EDIT: real cash economy means to me that the ingame currency can be officialy paid out into real cash at a certain rate. I think the rates on those EQ2 servers never moved much in the last months... but it's not like I am following it closely... I never subscribed to that game since I hate that it has voiceover for the first few quests and then just stops with that. -.-
    Even though full voiceover was promised at the time and still is in wikipedia etc...
  13. aridash

    aridash large throbbing member

    well i would have to beg to differ. Livegamer is not "as official as you can get", that would be where the game company actually support it on their own systems. As MA do. Does a market place for trading gold/items/avatars drive subscriptions? i couldnt say for sure, though its a added feature rather than a core part of the business.

    I dont see that the rate itself is important (real currencies value floats) but the method of input and output to the system that defines RCE. MA formally controls both sides. a subscription game, even with legal market places only permit the selling, with no real value is ever put directly into the game as the subs are fixed.

    this raises an interesting point though... (bear with as i ramble on here) what does this mean for the nature of the internal game economy - would this be better? The RCE of MA is a very poor emulation of an economy, its a mere market imo (for reason highlighted above), and only the cash is real. would it make the the economy more "real" if we accept a model with no direct input but facilitating withdrawals? People would effectivly work in game to earn their gold and take it out? balancing might be a nightmare i fear, would need strict limits on what amounts loot to ensure never paying more than received in subs. i think i have a hybrid model in mind... but...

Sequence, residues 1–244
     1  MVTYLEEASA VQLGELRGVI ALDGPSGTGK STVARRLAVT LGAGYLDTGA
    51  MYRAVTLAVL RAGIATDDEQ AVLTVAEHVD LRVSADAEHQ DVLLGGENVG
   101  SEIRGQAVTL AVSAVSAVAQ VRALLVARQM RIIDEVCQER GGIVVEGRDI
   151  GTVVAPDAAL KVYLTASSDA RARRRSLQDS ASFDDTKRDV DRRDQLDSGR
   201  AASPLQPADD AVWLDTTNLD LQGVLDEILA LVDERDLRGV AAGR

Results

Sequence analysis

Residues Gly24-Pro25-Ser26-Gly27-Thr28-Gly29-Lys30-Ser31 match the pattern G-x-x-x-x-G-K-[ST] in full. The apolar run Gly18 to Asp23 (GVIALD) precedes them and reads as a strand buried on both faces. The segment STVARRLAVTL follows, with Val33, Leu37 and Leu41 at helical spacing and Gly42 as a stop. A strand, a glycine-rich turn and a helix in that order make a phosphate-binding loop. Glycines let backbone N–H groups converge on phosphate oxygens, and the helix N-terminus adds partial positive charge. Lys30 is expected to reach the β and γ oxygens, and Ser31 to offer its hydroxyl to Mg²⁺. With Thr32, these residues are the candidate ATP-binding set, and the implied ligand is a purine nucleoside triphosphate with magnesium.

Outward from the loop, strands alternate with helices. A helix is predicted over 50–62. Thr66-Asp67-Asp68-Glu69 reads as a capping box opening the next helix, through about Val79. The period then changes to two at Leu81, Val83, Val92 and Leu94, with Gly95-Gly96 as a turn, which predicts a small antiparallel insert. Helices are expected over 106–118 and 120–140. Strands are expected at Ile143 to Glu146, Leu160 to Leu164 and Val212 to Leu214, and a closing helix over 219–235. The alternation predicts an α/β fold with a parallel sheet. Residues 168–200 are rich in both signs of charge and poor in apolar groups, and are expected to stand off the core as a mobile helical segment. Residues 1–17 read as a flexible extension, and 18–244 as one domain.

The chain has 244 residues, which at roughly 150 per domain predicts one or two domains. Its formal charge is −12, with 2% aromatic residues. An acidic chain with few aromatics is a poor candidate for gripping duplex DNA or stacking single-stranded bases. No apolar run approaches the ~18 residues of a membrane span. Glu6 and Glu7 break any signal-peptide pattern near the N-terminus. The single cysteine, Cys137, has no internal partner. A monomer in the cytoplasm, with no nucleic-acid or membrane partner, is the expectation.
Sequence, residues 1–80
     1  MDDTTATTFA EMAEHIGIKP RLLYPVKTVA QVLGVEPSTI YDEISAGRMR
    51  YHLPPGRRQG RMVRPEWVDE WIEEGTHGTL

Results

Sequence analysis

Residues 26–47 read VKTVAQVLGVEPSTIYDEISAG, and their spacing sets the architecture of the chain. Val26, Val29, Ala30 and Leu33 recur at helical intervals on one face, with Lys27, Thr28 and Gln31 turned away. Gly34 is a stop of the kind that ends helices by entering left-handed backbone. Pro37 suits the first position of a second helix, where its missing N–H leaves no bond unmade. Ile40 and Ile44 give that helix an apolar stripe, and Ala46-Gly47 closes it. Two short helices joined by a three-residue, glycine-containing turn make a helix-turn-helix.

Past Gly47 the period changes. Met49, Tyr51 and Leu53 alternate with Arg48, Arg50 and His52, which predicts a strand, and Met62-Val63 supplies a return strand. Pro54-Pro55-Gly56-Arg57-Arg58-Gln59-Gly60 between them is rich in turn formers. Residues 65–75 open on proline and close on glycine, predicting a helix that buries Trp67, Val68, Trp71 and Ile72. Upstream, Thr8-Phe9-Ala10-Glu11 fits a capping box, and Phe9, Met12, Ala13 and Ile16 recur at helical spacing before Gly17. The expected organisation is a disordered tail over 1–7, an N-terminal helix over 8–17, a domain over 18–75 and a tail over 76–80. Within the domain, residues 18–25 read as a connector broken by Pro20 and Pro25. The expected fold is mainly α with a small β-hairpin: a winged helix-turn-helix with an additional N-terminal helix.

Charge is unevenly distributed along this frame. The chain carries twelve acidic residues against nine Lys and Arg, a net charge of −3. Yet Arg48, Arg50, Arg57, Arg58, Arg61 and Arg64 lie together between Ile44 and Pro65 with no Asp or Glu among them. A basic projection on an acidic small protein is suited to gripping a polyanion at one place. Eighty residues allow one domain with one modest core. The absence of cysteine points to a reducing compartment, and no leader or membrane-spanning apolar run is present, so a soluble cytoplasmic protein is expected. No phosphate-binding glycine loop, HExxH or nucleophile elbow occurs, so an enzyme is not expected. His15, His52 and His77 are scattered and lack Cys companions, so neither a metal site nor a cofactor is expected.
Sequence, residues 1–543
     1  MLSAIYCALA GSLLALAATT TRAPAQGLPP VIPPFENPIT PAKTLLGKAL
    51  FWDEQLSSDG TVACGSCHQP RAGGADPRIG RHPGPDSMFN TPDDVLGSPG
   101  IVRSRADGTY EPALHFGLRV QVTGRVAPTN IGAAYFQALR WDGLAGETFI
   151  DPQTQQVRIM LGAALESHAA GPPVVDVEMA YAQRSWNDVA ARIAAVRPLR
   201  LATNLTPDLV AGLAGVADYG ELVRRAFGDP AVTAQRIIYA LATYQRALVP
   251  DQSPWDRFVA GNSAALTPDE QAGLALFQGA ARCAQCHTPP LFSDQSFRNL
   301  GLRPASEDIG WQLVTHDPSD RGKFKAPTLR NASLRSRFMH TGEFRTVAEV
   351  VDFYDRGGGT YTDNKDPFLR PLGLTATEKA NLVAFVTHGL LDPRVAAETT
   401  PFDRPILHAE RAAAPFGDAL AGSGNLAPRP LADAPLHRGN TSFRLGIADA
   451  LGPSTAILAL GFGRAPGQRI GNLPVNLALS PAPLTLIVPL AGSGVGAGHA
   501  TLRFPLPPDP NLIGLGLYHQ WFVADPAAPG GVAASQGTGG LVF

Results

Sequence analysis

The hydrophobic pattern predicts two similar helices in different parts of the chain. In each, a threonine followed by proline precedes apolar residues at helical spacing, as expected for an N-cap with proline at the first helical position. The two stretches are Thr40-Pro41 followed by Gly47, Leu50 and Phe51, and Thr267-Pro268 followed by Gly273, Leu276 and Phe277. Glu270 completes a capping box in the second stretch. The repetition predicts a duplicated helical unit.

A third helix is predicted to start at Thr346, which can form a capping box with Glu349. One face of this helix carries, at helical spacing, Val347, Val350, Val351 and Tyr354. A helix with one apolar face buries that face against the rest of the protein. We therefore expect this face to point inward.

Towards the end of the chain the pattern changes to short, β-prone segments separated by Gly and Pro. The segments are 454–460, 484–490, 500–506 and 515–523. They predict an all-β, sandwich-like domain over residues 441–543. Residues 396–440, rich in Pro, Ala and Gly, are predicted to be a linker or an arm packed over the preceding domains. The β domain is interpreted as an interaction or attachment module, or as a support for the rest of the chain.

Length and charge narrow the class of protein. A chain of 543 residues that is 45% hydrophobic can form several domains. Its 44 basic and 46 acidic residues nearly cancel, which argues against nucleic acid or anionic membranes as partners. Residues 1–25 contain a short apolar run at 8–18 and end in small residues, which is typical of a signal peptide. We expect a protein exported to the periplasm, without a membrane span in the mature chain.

but then, to what purpose? back to the original conclusion, why should i want a business model where i pay people back? if they want to trade on permitted market places outside the game, let them. thats very differnet to holding and returning my booked revenue, which i just cant find a strong commercial reason to do.

    to elaborate and clarify that last point, consider i have annual sales $10m, through subs or gold purchase (for this consider MA to do the latter). if there is another revenue stream i would be very interested to hear of it. I have costs of $5m, so $5m is left as operating profit (hey, i run a tight ship ;) ). but with an RCE where i facilitate withdrawls, i have to hold that profit as a liability, or worse actually pay it back, say $2.5m. so Subs/1-way-gold- purchase im $5m up at year end, with RCE im only $2.5m up and will find i have a $2.5 liability... no, i have upto $7.5m liability, reduced only by my carefull game design/balance. (which i want to stay away from here)